Last year I started answering common questions I hear from my consulting and speaking clients about Millennials in the workplace. Here I’ve collected the best of this advice into a handy “Guide to Managing Millennial Employees in 2018” that I hope is helpful for all generations.
Question 1: Why are millennial employees such slackers? They don’t seem to want to work as hard as I did.”
First off, let’s admit that it’s pretty funny when Gen Xers like me, the original “slackers,” start throwing shade. And let’s make sure we’re not just joining the long line of millennial bashers out there. However, even though all millennials are obviously not the same, I can’t deny this question is out there. But guess what? You, the manager, might be part of the problem! This post covers some of the reasons Gen Y might look at the workday a little differently than other generations do, and offers tips on what all generations can do to be more productive together.
The short answer: They’re likely not trying to tune you out. (Well, at least not all of the time.) It turns out there are actually a wide variety of valid reasons any employee might be wearing headphones or earbuds — hello, noisy open-plan office. This post discusses what you can do if you’re uncomfortable with those ubiquitous white gadgets, and also offers solid reasons on why earbud wearers should pop them out now and then.
Question 3: Why do millennial employees seem to want constant feedback at work…and usually only positive feedback?
I hear this all the time: Young professionals want endless feedback, constant feedback, continuous feedback. And that expectation can make even the most well-intentioned manager feel overwhelmed. This post explores some of the reasons that early-career employees crave feedback — and why that’s a good thing! — as well as some ways leaders can manage the frequent requests so you can still get your own work done.
Have you noticed your newer employees tend to come in late and leave early? These seemingly erratic hours may make you wonder if they understand what “work hours” are — and it’s very possible they don’t! What I’ve found over the years is that what seems totally obvious to some of us (e.g., working the same hours every day) is a complete mystery to others. This post talks about some non-confrontational ways you can explain “office hours,” and also gives some food for thought to Gen Y about why IRL “face time” really does matter.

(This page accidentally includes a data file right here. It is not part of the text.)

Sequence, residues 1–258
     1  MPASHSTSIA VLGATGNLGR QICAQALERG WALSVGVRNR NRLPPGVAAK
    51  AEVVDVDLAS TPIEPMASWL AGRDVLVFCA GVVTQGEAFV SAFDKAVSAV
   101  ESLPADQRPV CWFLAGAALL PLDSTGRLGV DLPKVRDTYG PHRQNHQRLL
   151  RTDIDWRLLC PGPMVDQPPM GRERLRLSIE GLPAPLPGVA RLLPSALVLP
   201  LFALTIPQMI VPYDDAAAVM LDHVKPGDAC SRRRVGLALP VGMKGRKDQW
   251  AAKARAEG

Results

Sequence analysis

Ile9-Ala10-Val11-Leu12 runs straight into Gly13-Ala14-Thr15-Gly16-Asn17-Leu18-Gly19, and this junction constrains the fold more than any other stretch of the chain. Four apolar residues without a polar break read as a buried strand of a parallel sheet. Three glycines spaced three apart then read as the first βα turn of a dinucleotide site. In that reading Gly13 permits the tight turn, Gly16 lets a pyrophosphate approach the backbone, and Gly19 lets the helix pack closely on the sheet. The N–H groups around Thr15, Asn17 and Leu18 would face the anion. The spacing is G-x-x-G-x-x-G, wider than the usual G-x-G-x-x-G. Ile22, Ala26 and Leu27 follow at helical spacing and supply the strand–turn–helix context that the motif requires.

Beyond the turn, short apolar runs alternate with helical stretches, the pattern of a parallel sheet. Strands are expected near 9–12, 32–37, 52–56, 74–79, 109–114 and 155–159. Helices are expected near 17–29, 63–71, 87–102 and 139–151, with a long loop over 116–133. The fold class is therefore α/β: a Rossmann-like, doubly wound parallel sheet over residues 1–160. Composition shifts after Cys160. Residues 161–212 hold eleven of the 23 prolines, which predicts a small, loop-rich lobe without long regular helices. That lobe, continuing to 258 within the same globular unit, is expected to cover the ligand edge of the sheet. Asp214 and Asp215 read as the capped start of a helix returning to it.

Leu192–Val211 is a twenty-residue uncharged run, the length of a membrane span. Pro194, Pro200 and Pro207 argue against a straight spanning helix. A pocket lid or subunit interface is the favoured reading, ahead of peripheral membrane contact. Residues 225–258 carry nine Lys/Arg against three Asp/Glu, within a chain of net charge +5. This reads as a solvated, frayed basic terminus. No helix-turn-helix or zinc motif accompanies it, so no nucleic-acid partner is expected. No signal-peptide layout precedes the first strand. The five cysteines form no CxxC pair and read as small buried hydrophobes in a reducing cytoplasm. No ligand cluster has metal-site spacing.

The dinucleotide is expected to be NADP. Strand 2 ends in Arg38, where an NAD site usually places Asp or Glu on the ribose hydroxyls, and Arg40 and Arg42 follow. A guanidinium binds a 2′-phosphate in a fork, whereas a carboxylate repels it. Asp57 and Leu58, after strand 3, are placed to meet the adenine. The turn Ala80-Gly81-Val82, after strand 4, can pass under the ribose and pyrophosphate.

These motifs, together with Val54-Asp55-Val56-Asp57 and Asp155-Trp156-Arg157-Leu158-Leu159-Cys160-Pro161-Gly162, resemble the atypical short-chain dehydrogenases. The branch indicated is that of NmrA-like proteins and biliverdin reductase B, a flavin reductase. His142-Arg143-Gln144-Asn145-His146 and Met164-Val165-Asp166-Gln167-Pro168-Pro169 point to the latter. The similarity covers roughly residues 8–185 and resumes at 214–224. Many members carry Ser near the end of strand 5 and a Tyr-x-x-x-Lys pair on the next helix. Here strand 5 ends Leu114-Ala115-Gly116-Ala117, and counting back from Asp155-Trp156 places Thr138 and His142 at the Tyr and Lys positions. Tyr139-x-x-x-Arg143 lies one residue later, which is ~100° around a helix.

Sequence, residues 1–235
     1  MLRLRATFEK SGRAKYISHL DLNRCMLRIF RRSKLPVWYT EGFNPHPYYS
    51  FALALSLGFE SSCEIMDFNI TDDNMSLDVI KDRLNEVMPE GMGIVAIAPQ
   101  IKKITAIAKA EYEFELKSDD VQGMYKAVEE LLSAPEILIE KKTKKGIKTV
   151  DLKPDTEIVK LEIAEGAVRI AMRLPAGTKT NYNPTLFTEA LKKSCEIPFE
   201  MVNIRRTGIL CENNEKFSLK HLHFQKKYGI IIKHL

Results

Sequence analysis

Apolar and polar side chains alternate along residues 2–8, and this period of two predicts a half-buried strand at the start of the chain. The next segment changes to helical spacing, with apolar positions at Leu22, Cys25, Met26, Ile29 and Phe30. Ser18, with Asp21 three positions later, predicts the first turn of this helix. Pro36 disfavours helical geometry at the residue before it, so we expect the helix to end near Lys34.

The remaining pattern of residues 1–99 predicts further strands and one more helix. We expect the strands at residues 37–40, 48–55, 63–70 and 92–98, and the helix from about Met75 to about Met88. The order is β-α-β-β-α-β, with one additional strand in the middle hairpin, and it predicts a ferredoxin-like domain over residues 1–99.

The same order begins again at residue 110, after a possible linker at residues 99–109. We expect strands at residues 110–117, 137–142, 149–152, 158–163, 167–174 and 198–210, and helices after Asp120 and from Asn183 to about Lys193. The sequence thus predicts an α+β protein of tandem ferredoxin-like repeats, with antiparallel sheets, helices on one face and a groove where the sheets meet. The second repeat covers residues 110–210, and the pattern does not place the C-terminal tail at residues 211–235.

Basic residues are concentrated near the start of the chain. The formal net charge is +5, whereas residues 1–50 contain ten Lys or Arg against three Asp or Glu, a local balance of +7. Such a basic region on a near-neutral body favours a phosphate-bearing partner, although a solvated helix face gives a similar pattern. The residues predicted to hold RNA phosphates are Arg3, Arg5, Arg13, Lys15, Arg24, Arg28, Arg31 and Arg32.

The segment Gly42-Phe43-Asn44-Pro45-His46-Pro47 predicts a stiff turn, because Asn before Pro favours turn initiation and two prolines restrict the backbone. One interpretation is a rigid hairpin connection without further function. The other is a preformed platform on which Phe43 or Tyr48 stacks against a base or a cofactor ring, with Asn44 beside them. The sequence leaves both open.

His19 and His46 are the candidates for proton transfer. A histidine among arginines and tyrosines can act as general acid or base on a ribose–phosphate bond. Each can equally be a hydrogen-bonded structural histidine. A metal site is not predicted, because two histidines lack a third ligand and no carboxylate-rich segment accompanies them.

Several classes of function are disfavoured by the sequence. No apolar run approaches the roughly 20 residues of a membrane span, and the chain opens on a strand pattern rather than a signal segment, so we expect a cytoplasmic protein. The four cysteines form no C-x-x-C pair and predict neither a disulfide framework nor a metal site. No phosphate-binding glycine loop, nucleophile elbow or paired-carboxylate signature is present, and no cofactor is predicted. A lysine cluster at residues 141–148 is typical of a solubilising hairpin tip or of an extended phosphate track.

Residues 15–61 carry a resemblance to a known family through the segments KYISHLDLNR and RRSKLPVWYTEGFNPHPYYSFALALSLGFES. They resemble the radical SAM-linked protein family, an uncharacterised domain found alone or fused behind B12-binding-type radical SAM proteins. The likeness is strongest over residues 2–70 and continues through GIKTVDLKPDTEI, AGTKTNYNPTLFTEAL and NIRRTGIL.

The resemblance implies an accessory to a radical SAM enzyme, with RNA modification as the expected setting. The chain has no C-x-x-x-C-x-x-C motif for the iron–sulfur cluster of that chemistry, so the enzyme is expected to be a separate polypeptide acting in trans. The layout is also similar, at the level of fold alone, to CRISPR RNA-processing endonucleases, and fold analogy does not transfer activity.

Millennials are always “on” their phones — and let’s face it, so are most of the rest of us. But that communication rarely seems to be with their voice — unless they’re asking Siri for directions or sending a voice text. But often phone calls are required in a business setting. This post discusses why many young professionals haven’t mastered “phone etiquette” (One culprit? The demise of the house phone) and provides ways to help millennials improve their skills.
Question 6: Why isn’t my millennial mentee reaching out?
This question surprised me the first time it was asked. Why wouldn’t a junior person do everything he or she could to engage with a leader who expressed interest in being a mentor?
But then I realized that often young professionals don’t know how to be a good mentee and sometimes mentors aren’t sure how to smooth the way. Recently some of my clients have asked for Mentee Training, and this post summarizes some ways to make the mentor/mentee relationship a successful two-way street.
Now it’s your turn: What is a question about managing millennials you have? Please share below or on Twitter.
Lindsey Pollak is the leading expert on millennials and the multigenerational workplace, trusted by global companies, universities and the world’s top media outlets. A New York Times bestselling author and keynote speaker, Lindsey began her career as a dorm RA in college and has been mentoring millennials — and explaining them to other generations — ever since. Her presentations have audiences so engaged that, in the words of one attendee, “I didn’t check my phone once!” Contact Lindsey to discuss a speaking engagement for your organization.